Our founder

Marcel Lefebvre was born in troubled times into a family in which the Faith played a central role.

After a life of exemplary service in the church, the Archbishop, though at retirement age, still had in front of him his greatest work. His generous spirit and clear vision are today the beating heart of the SSPX.

Marcel Lefebvre, the founder of the Society of Saint Pius X, was born on 29 November 1905 in the city of Tourcoing, in the north of France. Marcel was the third of eight children and grew up under the watch of his devoutly Catholic parents, René and Gabrielle, who owned a local textile factory.

Seminary and ordination

Marcel, being attracted by the priesthood from his youth, followed the advice of his father and entered the French seminary in Rome at the age of 18. Six years later, he was ordained a priest and shortly thereafter, he finished his doctorate in theology and began pastoral work in the diocese of Lille (in the north of France).

Father Lefebvre’s older brother René, a missionary of the congregation of the Holy Ghost Fathers, insisted that the new priest join him in Gabon (Africa). Father Lefebvre finally yielded to these entreaties and made his temporary vows in the Holy Ghost Fathers in 1932. He was then sent to Gabon, first as a professor at a seminary, and then soon thereafter as Rector of the seminary. After three years of difficult work as a missionary, he decided to commit himself permanently to missionary work by making his perpetual vows with the Holy Ghost Fathers.

Apostolic Delegate for French-speaking Africa

After these first few years, successively greater responsibilities were confided to Marcel Lefebvre. He was called back to France and was named Rector of a seminary in Mortain. Later, Pope Pius XII named him the Apostolic Vicar of Dakar (the capital of Senegal in Africa), upon which nomination he was consecrated Bishop. The following year, 1948, the Pope honored Bishop Lefebvre still more by naming him Apostolic Delegate for all of French-speaking Africa and bestowing upon him the title of Archbishop.

Superior General of the Holy Ghost Fathers

Pope John XXIII, like his predecessor, believed that Archbishop Lefebvre possessed a theological knowledge as well as experience in the missions and in teaching that were of a unique and exceptional quality. Consequently, he designated him as a member of the preparatory commission of the Second Vatican Council, a body entrusted with the task of setting the agenda for the upcoming ecumenical council. The Holy Ghost Fathers were also very impressed by the work of the Archbishop and so elected him Superior General in their general chapter of 1962.

Vatican II

Archbishop Lefebvre was at the height of his career. Nevertheless, the Second Vatican Council would prove to be a bitter disappointment. The majority of the texts that he had helped prepare for the Council were completely rejected and were supplanted by new versions that were liberal and modern.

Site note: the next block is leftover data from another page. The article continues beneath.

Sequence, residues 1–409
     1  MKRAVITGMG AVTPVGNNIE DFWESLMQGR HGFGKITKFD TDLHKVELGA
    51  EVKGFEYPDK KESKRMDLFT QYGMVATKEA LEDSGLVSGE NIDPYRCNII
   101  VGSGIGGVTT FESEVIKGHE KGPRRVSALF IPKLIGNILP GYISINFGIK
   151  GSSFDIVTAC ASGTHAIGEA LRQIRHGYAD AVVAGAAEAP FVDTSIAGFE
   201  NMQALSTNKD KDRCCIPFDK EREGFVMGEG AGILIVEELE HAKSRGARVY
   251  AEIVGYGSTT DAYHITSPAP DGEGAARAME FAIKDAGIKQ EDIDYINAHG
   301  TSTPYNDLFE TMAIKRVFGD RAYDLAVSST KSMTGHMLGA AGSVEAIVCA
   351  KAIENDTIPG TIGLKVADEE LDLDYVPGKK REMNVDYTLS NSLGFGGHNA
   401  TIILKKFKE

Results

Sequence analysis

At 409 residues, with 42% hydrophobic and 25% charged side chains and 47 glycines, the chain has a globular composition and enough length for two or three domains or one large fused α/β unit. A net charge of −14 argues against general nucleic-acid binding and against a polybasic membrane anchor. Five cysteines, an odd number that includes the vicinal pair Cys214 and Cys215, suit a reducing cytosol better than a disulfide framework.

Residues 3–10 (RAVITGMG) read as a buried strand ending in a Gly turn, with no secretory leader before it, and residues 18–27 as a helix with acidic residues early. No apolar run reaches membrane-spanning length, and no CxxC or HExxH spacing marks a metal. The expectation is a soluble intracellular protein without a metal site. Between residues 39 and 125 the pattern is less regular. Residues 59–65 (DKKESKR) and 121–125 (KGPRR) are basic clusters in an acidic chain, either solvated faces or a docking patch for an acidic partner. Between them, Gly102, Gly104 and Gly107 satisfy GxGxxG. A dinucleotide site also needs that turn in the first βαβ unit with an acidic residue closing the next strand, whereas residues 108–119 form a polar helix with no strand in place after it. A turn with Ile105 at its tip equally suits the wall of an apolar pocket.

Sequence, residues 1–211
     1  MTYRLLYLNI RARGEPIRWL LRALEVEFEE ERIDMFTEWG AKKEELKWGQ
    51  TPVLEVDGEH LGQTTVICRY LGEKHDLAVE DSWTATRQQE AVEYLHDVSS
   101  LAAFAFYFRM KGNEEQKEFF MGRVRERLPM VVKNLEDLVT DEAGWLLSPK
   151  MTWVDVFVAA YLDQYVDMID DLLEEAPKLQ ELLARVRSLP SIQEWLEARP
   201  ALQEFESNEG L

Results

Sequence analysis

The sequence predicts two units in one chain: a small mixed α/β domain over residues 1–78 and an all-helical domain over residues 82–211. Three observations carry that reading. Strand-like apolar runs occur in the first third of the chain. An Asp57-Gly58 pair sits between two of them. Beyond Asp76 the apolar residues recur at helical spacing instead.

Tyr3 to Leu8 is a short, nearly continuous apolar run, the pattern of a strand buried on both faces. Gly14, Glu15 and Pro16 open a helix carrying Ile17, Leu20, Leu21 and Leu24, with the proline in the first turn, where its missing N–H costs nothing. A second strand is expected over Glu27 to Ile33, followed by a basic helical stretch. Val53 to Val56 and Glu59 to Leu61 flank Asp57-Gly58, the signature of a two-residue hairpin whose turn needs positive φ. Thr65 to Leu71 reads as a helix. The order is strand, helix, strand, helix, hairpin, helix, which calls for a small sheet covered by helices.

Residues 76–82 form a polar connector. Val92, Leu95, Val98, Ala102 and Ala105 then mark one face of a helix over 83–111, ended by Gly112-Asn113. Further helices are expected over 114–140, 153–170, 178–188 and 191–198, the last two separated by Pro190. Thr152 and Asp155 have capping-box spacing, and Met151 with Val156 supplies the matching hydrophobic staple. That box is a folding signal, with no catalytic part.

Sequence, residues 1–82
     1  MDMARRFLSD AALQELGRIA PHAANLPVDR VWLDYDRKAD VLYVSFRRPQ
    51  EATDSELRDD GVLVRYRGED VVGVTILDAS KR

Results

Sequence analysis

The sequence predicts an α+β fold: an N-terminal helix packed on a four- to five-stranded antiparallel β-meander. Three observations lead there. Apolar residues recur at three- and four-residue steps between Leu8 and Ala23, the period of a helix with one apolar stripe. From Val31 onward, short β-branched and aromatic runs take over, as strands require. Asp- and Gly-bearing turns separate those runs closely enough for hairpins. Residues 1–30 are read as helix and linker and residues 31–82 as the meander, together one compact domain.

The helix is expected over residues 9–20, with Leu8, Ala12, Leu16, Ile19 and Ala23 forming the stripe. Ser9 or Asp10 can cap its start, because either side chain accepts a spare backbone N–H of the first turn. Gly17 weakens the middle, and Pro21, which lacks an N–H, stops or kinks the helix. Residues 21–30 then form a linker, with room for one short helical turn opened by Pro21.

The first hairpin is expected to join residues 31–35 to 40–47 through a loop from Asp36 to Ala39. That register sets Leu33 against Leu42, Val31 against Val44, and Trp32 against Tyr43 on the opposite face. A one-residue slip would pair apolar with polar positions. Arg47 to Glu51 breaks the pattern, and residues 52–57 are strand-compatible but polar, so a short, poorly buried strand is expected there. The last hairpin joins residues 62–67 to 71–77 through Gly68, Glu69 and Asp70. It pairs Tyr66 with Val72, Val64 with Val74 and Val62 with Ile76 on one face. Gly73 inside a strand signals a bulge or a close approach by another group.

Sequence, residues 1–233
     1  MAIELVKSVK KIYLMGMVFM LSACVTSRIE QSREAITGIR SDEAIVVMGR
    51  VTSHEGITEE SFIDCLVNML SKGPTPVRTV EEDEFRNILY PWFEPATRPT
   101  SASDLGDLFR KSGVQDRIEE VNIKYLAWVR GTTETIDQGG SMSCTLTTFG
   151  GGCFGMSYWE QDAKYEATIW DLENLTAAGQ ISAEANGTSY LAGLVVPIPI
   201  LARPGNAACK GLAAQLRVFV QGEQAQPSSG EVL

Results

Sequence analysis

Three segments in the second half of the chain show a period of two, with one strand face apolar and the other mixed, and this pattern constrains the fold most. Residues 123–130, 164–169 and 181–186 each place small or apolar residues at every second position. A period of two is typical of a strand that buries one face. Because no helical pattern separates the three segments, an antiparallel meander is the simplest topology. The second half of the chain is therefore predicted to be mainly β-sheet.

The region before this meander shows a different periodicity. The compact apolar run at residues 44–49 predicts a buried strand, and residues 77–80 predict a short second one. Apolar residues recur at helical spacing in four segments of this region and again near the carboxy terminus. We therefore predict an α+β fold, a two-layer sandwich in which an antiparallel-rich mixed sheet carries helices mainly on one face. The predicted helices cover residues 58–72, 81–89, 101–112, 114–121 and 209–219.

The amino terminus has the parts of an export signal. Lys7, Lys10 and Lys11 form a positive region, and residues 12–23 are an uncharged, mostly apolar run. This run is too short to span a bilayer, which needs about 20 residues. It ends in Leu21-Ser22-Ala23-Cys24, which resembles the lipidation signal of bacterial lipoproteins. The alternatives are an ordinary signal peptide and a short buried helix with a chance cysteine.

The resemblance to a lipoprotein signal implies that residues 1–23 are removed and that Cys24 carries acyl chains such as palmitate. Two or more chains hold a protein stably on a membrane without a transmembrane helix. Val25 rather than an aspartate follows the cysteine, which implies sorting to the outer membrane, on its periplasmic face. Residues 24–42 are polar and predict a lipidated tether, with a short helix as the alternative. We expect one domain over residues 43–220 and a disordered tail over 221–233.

In reaction, the Archbishop, along with other perplexed prelates, formed a conservative group called the Coetus Internationalis Patrum, of which the Archbishop was the head. This group was primarily opposed to the introduction of modernist tendencies in the texts of the Council.

In the end, the Coetus was not successful in stopping the modernist reforms and Archbishop Lefebvre left the Council with a broken heart. Moreover, the Holy Ghost Fathers, out of step with the conservative leadership of the Archbishop, obliged him, in so many words, to step down as Superior General, in their general chapter of 1968. At the time, Marcel Lefebvre was 63 years old and, after a life in the service of the Church, he was thinking about retiring.

The founding of the SSPX

At this point, the life of the Archbishop becomes intertwined with that of the SSPX. In order to accommodate the repeated requests of various young men looking for a traditional priestly formation, Archbishop Lefebvre opened a new seminary in Ecône, Switzerland.

The local ordinary, Archbishop François Charrière, gave his blessing for this work on 1 November 1970, and the Priestly Society of Saint Pius X was born.

Elsewhere on this site, you will find a brief summary of the history of the SSPX, which will not be repeated here. Nevertheless, we must add a detail to the general history, one related to the participation of Archbishop Lefebvre in the Coetus Internationalis Patrum.

During the Second Vatican Council, Marcel Lefebvre became good friends with Antonio de Castro Mayer, the bishop of Campos, Brazil. The two shared ideas in their diverse functions within the Coetus and they stayed in contact for a long time after the conclusion of the Council. Both of them refused to apply the modernist teachings of the Second Vatican Council and they wrote together an open letter to the Pope in 1983, lamenting the many errors with which Rome seemed to be infected. When Archbishop Lefebvre consecrated four new bishops in 1988, Bishop de Castro Mayer assisted as co-consecrator.

Tradidi quod et accepi

Archbishop Lefebvre, after having guided the SSPX for more than 20 years, died on 25 March 1991. He was buried in the crypt located beneath his beloved seminary of Ecône, where today his mortal remains can be visited.

On his tombstone were engraved the words of the apostle St. Paul: “Tradidi quod et accepi” (I have passed on what I have received – 1 Cor. 15:3).

To learn more about Archbishop Lefebvre, please visit marcellefebvre.info

Called “the Rebel”, all the Archbishop did was stand up for the purity of the Catholic Priesthood and the integrity of the Faith.